Zillow’s long national nightmare may be ending sooner than we thought.
The Seattle company shocked the real estate world in November when it announced a wind down of its instant home buying operations, with CEO Rich Barton copping to the fact that the business’s home price forecasting model was too volatile.
But for the first quarter of 2022, Zillow’s fortunes turned, and the company made $16 million in net income. Zillow also raked in $4.3 billion, with $3.7 billion of that emanating from Zillow Offers, the soon to die iBuying division that is generating money by Zillow selling its inventory.
This compares to $1.2 billion in revenue and $52 million net income in quarter one 2021 – an admittedly almost useless comparison given that Zillow was in the throes of ramping up iBuying at that point.
Zillow’s public numbers also gave confirmation that the company mostly unloaded the homes purchased under iBuying.
Just “approximately 100 homes are currently not yet under contract” to be sold, according to a letter released to shareholders Thursday.
“We expect the remaining inventory to be substantially complete in Q2,” the letter noted, with realized or expected losses of $300 million at the end of quarter one.
Barton touted on Thursday’s call the “rapid and successful wind down” of iBuying, creating a “nimble balance sheet” from Zillow.
If Zillow can safely bury iBuying, what revenue sources will guide the widely popular listings website going forward?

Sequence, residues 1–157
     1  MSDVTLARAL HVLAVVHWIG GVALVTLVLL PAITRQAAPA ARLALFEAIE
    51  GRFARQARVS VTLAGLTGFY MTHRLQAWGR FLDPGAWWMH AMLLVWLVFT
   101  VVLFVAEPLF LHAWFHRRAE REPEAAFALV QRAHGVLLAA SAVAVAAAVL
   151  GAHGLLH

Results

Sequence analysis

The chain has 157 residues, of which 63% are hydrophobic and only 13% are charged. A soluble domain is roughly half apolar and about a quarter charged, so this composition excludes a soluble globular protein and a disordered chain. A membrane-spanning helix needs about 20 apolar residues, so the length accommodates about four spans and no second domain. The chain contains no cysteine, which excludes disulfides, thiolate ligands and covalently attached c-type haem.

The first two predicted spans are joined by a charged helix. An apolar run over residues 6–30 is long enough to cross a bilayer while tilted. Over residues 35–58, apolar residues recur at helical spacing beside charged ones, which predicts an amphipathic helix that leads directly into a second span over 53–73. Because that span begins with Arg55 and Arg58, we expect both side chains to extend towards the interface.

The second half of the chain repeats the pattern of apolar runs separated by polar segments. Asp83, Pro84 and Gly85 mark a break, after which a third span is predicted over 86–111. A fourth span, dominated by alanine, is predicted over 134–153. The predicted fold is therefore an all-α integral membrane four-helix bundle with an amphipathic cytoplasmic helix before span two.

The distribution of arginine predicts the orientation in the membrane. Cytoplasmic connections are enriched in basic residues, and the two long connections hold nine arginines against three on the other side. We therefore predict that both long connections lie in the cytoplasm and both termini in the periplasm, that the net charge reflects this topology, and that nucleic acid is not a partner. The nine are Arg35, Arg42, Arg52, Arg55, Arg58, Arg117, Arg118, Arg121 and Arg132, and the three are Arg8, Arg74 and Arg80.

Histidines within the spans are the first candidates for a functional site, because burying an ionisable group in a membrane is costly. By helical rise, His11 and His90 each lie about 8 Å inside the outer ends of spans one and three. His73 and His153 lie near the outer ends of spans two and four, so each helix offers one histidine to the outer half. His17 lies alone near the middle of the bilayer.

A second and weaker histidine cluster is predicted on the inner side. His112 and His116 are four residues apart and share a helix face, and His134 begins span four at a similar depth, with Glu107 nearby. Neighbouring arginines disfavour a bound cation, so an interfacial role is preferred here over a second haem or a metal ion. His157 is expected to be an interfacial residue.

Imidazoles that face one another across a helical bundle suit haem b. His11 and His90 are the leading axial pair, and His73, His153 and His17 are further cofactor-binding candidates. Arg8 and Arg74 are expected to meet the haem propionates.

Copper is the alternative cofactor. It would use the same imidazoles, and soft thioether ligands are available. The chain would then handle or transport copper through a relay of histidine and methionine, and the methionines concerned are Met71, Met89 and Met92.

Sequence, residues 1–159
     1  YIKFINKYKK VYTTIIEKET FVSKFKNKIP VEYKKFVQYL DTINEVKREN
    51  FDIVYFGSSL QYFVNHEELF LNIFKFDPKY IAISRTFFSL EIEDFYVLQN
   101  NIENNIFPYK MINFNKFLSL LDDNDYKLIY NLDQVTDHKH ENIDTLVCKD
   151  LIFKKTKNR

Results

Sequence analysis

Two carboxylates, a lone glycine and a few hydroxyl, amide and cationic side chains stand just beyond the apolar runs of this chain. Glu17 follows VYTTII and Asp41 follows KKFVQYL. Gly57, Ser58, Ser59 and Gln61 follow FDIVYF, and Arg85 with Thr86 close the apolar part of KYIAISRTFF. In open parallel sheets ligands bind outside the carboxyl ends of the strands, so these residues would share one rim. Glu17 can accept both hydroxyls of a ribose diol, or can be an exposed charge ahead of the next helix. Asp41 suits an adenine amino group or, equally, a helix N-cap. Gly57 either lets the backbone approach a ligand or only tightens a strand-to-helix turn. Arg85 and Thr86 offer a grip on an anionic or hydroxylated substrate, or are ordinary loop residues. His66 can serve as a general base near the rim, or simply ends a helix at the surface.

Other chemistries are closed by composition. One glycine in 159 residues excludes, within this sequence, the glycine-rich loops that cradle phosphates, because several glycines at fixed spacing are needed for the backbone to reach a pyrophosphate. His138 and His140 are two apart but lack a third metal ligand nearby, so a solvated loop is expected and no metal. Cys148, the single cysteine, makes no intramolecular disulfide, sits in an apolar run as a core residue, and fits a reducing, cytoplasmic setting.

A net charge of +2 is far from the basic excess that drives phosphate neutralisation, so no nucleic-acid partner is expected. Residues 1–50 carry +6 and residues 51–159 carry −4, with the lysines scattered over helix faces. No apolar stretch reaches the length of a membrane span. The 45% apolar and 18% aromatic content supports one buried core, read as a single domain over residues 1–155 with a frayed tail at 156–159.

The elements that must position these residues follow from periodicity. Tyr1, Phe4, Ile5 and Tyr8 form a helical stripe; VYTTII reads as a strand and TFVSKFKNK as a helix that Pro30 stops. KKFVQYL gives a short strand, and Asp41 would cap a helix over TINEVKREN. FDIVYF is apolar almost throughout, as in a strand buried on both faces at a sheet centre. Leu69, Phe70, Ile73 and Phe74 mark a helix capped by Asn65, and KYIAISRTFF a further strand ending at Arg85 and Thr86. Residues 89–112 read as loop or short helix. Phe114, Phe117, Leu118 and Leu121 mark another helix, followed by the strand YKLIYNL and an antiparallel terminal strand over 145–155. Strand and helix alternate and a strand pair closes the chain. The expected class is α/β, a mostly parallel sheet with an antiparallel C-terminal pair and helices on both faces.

Barton used much of his prepared remarks to discuss 3-D home touring, a feature that dovetails with Zillow’s $500 million buy of home touring scheduler ShowingTime last year.
And the CEO mentioned the development of Zillow’s “Super App” that would facilitate this home touring, and also better facilitate partnerships with real estate agents, who tend to have a love-hate relationship with the listing titan.
When Zillow Offers shut down, the company’s largest revenue source will be Premier Agent. Under Premier Agent, real estate agents pay monthly fees in order to pop up when a consumer searches for a home on Zillow.
Premier Agent, which is part of the company’s “Internet, marketing, and technology” segment generated $363 million of the segment’s $490 million in revenue.
Income for Premier Agent is not broken out on Zillow’s quarterly report. But the overall internet, marketing, and technology segment generated a robust $108 million in operating income.
Analysts on the call focused many of their questions around Premier Agent, particularly the news of a Zillow pilot program in Raleigh, North Carolina and Denver.
Under the program, agents would no longer pay monthly fees to Zillow, but rather on a contingency basis after making a sale. The pilot will also kick off hundreds of agents not meeting Zillow goals.
On the call, Barton framed the experiment as simply “R&D” and an effort to see if Zillow can “lower the participation” and “enhance our partner network.”
“Unfortunately,” Barton said of the program, “It broke into the public,” which, the CEO noted, is the consequence of working with agent and broker partnerships.